Following on from the first Gender Disparity report ,which found that most Irish national radio stations played, bar RTE Radio One, played less than 10% female/ womxn artists in its top 20 most-played tracks in a single year, a new report on the Official Irish Singles & Albums Charts has been compiled for IRMA.
The report includes data from December 2018 to October 2020, shows that the charts are overwhelming dominated by male acts (these acts get the most airplay and support as previous report shows), and concludes that:
- Not one Irish female act has had a top 10 hit in Ireland in the last two years.
- Not one Irish female artist has had a number 1 album in the last two years.
Only 5.8% of Irish entries in the official top 100 Irish charts were women or female-identifying which amounts to four artists with a song each – Irish Women In Harmony, Soulé, Ruth-Anne and Lea Hart while a whopping 65 Irish male artists featured including Dermot Kennedy (11 songs), Picture This (10 songs), Niall Horan (5 songs), Westlife (4 songs), Hozier (4 songs) and The Coronas (4 songs).
The charity viral hit featuring 44 Irish musicians Irish Women In Harmony peaked at number 15 in the charts this year with over 3 million Spotify streams to date. The song hit number 15 in the official homegrown chart.
In the albums chart, 56 male acts had top 100 placements compared to 17 female-featuring artists.
In short, that means that for each chart entry by a female act, men have 5.7 times the amount of chart entries. For each week a female artist spends on the chart, men spend 9.6 weeks.
See the report’s data charts and you can read the full report here.
The research was carried out by Cian Sullivan, a member of the Why Not Her team, and a Podcaster and DJ with an LGBTQ community radio show on Liffey Sound with the supervision of Linda Coogan Byrne.
Says Cian of the findings of the report:
“If you consume music in Ireland (buy, stream, download music) it is captured and reflected in the Charts.
Despite the fact that yes, some people (such as record execs, radio programmers, dj’s, playlisters and streaming playlist compilers etc.) have more power to rectify the imbalance than the average music consumer, we also (as consumers and music enthusiasts) have the power within ourselves to shift the bias, however unconscious it may be on either end of the spectrum.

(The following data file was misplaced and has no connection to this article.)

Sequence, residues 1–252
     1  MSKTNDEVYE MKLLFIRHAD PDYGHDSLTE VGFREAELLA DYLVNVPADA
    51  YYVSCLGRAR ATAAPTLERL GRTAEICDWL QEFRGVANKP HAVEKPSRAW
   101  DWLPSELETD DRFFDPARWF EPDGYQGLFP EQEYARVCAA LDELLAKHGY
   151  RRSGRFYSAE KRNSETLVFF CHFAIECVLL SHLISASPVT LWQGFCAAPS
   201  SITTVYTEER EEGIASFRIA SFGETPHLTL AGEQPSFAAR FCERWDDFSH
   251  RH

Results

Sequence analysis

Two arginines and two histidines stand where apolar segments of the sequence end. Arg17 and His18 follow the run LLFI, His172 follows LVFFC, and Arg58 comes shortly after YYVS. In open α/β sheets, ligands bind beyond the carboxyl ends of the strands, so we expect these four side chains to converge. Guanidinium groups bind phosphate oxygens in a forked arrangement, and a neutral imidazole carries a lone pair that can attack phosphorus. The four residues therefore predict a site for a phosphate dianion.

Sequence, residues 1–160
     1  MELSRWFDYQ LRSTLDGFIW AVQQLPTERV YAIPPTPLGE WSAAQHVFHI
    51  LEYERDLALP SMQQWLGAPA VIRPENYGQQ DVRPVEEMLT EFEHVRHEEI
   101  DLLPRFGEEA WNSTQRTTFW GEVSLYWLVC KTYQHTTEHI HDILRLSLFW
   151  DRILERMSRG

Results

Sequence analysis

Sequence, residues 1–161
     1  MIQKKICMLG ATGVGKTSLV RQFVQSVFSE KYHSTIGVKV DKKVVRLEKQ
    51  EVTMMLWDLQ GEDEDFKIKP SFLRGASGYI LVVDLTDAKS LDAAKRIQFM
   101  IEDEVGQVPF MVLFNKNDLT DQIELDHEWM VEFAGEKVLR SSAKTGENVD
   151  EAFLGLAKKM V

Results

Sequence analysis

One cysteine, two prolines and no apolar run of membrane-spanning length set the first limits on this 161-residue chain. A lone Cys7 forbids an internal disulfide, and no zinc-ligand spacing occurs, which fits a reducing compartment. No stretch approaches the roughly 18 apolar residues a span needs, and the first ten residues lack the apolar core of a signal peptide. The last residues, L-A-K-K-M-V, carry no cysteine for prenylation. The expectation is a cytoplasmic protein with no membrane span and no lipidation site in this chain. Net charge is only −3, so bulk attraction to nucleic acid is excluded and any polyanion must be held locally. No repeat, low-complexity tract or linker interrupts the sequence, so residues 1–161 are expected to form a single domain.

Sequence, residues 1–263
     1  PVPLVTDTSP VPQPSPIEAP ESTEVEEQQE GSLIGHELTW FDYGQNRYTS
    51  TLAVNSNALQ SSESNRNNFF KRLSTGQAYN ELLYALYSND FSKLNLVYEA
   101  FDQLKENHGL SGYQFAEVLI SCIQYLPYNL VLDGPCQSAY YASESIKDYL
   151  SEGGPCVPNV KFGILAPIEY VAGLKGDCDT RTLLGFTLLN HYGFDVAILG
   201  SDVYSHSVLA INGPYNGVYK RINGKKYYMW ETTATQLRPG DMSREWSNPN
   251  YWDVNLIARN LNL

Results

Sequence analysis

We each have our part to share in the blame. I’d like the data to speak for itself and act as a vehicle of change.
Linda Coogan Byrne concludes:
We see here yet again that womxn and acts of diversity are the worse off, as it is this selection of musicians that the Irish charts are seriously lacking in. Yet it is those acts of diversity and womxn in music who are such a huge part of the shaping of our society and culture in 2020. It has to be questioned as to how the Charts are collated and curated when some of our biggest and brightest artists are excluded from our own National Charts in Ireland.
We see more International acts, artists and bands dominating the music landscape as opposed to our own domestic acts. Our dismal quota of Irish music across radio is a contributing factor…
Spotify and streaming is a massive contributing factor also… It has without a doubt affected and impacted heavily on how we consume music and how the Charts are compiled.
Very few Irish artists can compete with International acts. How can we begin to fix this?
We can not let a compromise of a ‘Homegrown Chart’ inclusion be enough as it continues denying our own domestic artists a chance to chart in their own country. To say this is frustrating is an understatement.